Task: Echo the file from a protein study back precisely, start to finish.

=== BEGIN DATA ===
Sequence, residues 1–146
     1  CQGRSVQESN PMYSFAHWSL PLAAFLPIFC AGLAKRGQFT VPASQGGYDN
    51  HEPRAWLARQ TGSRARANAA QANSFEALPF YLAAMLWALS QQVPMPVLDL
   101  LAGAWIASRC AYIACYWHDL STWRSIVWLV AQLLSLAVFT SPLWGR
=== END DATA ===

Sequence, residues 1–146
     1  CQGRSVQESN PMYSFAHWSL PLAAFLPIFC AGLAKRGQFT VPASQGGYDN
    51  HEPRAWLARQ TGSRARANAA QANSFEALPF YLAAMLWALS QQVPMPVLDL
   101  LAGAWIASRC AYIACYWHDL STWRSIVWLV AQLLSLAVFT SPLWGR